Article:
|Performance EIN SOUVENIR|
|During each summer up to 34000 day-trippers visit the Rhine Falls near Schaffhausen. Especially in June and July, the thundering cascade makes an overwhelming impression when óne million litres of melt water per second fall down over a height of 21 metres. A railway bridge with a length of 180 metres crosses the river: trains on the route Winterthur - Schaffhausen pass in both directions every quarter of an hour.
How does it feel to be public property when one is taking a sightseeing spot as one's studio and obstructing the path for others? How does the public react as they are pushing their way through? What happens under this constant reciprocal pressure?
Between July 7 and July 22, 1990 I take my position in front of the Rhine Falls, on the footpath on the railway bridge. Every day I draw the rock molar of the Rheinfall from this fixed point of view. I am standing on the small footpath and behind me a train is passing every quarter of an hour. All spectators have to brush against me on their way from one bank of the Rheinfall to the other.
With a drawing board and some materials in front of me I am obstructing the path for the tourists. Between the railway and me there is only a small opening left to
| pass by. It is devastating: all these bodies, this sliding and moving against each other. Apart from this, there is also the uproar of the tourists, the noise the falling water produces, and the roaring train behind me, which strain my nerves to the utmost. I can hardly suppress the urge to turn around and smack someone - ányone. The increasing tension during this two-week stay is visible in the drawings: the handwriting becomes more and more nervous and instable. In this way the drawings mirror my mental and physical condition.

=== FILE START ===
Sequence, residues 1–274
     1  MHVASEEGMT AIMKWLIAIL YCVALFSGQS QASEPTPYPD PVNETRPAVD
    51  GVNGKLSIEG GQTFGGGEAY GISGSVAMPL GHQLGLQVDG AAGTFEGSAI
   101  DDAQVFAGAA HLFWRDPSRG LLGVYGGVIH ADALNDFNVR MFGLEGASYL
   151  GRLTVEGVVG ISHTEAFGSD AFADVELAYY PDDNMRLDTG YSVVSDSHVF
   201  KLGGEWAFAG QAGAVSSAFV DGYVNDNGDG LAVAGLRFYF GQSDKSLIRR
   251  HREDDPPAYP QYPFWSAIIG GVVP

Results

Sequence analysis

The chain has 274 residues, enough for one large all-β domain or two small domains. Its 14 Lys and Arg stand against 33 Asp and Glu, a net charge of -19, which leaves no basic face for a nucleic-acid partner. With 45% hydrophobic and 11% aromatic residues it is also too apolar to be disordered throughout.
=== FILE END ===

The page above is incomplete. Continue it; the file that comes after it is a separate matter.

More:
Many sightseers act as if I am not there, quasi-indifferent 'moving ahead' pretending as if nothing is happening. There are cultural differences, although they are rather cliché. For instance, Americans who try to strike up a conversation in order to reduce anxiety and tension or Japanese people who record me on video so that they can keep distance. The local shopkeepers who earn their living out of this mass tourism are particularly shocked by my presence. They fear a decrease of income and complaints from the tourists. They hold a meeting, and they come up with a solution to address their worries: they present me as a new tourist attraction. The artist has become literally public property: she is for sale.
|12.8 - 2.11 1990||Die Rheinkonferenz. Zu Ökologie und Sagenwelt, installation Ein Souvenir, FrauenMuseum, Bonn (D). Dimensions 236.2 x 118.1 x 39.4in / 600 x 300 x 100cm.
|October 1990||Artists' book Ein Souvenir One of a kind, photos and text (Dutch only).
Dimensions 13.6 x 10.4in / 34.5 x 26.5cm.
|7.7 - 22.7 1990||Performance Ein Souvenir at the Rhine Falls near Schaffhausen (CH)(solo)
Fourteen Rhineletters, mixed media on paper. Dimensions 27.6 x 19.7in / 70 x 50cm.